Mix all the ingredients together well with your hands and roll into 10 small meatballs. I find that dampening  your hands first with a little water helps to stop the mixture sticking to them.

Heat a tiny amount of oil in a frying pan and cook the meatballs over a medium heat until they are a dark brown colour. Take your time here to make sure that they are browned well all over. The process will take around 10-15 minutes.

You will need two frying pans for this amount, or you can keep one batch warm in a low oven while you cook the rest.

The Berlin

  • ½ a small onion finely chopped or grated
  • A heaped teaspoon of mustard (probably should be German but I used English)
  • A tablespoon of fresh parsley, finely chopped
  • A good pinch of salt and pepper

The Bologna

  • 1 heaped teaspoon of tomato puree
  • A handful of chopped fresh basil (do not use dried, leave out if this is all you have)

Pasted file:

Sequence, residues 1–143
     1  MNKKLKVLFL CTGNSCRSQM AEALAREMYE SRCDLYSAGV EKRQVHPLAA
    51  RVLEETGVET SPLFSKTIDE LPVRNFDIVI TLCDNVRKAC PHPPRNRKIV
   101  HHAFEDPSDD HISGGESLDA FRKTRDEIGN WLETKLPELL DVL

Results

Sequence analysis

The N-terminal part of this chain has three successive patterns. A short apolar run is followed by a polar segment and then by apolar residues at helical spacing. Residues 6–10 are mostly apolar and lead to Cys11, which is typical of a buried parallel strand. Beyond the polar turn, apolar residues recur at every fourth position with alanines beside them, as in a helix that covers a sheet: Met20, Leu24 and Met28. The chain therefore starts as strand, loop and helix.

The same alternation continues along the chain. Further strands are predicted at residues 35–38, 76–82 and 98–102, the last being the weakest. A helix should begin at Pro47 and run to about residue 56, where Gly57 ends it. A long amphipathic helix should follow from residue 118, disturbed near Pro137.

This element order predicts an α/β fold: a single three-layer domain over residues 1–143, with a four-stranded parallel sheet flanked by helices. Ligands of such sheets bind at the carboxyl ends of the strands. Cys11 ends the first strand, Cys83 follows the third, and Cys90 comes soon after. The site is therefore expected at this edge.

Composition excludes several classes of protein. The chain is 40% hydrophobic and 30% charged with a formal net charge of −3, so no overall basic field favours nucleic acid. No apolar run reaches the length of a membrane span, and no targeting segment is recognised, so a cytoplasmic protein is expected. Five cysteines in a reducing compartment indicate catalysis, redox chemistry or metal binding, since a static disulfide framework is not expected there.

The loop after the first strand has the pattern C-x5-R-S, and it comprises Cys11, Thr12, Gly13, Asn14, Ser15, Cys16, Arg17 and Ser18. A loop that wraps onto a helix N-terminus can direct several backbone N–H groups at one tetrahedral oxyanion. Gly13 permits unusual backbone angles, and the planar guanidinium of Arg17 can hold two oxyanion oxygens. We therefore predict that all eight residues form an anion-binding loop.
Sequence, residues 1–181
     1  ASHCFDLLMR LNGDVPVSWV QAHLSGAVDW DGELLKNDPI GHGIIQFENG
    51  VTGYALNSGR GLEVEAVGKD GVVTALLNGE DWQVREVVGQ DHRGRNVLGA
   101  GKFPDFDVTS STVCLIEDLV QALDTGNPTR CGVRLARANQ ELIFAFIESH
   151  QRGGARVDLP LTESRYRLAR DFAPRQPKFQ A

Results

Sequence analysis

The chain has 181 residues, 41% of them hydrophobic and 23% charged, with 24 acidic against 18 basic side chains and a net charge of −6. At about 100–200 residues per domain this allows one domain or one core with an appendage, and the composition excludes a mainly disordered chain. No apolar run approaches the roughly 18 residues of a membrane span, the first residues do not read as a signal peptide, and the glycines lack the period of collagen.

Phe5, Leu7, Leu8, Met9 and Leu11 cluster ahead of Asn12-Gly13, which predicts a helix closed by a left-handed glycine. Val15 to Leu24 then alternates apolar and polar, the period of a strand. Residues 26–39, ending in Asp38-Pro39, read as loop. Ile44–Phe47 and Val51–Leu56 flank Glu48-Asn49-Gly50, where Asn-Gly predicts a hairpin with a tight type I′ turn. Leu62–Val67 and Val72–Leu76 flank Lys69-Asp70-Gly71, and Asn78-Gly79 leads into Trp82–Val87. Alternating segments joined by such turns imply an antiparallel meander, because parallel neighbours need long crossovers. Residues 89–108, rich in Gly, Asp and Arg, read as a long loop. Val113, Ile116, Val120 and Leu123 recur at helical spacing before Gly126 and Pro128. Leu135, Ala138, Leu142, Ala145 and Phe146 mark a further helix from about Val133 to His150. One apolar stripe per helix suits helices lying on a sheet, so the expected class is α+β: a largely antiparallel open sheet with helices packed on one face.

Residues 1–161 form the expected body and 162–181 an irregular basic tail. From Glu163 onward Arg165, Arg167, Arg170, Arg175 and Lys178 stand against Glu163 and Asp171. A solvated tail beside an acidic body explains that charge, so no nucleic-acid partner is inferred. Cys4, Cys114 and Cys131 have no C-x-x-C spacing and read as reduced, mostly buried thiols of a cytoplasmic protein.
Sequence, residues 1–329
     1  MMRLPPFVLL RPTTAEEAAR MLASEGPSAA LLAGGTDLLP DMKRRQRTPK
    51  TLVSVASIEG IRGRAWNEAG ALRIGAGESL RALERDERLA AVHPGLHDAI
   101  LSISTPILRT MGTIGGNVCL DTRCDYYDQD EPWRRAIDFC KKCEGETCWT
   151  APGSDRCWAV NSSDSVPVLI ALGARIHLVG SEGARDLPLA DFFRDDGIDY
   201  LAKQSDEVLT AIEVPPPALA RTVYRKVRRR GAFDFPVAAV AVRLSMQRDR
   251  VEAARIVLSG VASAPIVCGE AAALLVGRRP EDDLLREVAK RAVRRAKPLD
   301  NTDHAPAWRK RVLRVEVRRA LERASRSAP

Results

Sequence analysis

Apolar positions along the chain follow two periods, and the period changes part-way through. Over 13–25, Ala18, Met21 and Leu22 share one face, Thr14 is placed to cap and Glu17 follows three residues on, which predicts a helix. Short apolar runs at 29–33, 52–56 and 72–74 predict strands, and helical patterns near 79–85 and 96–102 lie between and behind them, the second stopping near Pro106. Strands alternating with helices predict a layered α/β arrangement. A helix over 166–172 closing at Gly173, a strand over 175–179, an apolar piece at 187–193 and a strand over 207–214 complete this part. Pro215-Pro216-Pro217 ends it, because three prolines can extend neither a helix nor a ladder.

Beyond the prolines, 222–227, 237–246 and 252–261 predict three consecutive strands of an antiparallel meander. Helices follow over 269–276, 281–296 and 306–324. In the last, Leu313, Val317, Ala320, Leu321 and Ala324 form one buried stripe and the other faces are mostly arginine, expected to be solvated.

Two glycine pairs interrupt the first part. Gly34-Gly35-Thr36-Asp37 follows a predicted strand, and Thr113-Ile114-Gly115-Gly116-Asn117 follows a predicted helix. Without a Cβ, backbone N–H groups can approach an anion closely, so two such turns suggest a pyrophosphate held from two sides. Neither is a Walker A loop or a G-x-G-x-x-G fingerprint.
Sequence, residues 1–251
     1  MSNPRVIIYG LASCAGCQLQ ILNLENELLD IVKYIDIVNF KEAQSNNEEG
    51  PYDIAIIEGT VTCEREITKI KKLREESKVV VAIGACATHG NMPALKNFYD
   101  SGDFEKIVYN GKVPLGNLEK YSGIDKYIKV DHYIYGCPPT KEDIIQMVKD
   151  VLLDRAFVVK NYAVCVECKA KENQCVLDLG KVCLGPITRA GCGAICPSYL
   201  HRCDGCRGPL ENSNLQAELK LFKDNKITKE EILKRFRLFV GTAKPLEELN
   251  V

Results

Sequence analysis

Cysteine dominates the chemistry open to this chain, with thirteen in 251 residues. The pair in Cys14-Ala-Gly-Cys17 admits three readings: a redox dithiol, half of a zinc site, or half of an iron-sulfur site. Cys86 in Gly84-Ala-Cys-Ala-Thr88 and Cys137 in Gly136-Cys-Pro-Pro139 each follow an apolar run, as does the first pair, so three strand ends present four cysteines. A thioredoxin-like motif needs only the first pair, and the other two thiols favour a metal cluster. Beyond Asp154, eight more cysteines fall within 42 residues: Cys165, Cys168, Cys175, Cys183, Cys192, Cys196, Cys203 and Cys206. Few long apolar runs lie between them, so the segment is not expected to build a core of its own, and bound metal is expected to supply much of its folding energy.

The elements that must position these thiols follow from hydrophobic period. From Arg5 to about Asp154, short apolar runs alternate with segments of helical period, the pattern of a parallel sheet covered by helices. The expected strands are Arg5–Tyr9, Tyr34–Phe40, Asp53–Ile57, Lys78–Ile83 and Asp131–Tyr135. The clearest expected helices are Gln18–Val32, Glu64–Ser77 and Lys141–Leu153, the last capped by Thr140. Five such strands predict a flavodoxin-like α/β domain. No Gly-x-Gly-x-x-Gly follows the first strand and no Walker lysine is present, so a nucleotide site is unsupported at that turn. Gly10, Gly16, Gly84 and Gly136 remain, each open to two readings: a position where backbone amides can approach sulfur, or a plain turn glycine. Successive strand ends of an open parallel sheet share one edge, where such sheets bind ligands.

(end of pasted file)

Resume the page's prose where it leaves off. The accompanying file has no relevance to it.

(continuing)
• 1 teaspoon of fresh rosemary, chopped (or use dried if you like)
  • 1 teaspoon of fresh oregano, chopped (or use dried if you like)
  • ¼ of a teaspoon of fresh or dried thyme
  • 1 small clove of garlic, chopped
  • A good pinch of salt and pepper

The Bangalore

  • ½ teaspoon of ground cumin
  • ½ teaspoon of turmeric
  • ¼ teaspoon of paprika
  • ¼ teaspoon of cayenne pepper
  • ¼ teaspoon of ground coriander
  • 1/8 teaspoon of ground cinnamon
  • Cloves (I used four whole ones and ground them in a pestle and mortar), or use around 1/8 teaspoon of already ground
  • A good pinch of salt

The Bangkok

  • 1 stalk of fresh lemongrass (to prepare, chop off the root and the green top, bash with a rolling pin to release the oils and then finely chop – you should end up with a heaped teaspoon of chopped lemon grass)